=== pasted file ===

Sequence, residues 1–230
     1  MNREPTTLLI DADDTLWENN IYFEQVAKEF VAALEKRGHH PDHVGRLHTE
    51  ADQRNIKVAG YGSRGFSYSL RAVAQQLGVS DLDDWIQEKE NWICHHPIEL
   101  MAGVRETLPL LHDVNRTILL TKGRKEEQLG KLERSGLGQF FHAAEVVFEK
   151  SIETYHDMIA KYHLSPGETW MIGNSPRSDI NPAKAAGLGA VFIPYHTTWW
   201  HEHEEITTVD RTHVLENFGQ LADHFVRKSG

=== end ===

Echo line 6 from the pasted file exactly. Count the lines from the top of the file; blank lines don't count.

   201  HEHEEITTVD RTHVLENFGQ LADHFVRKSG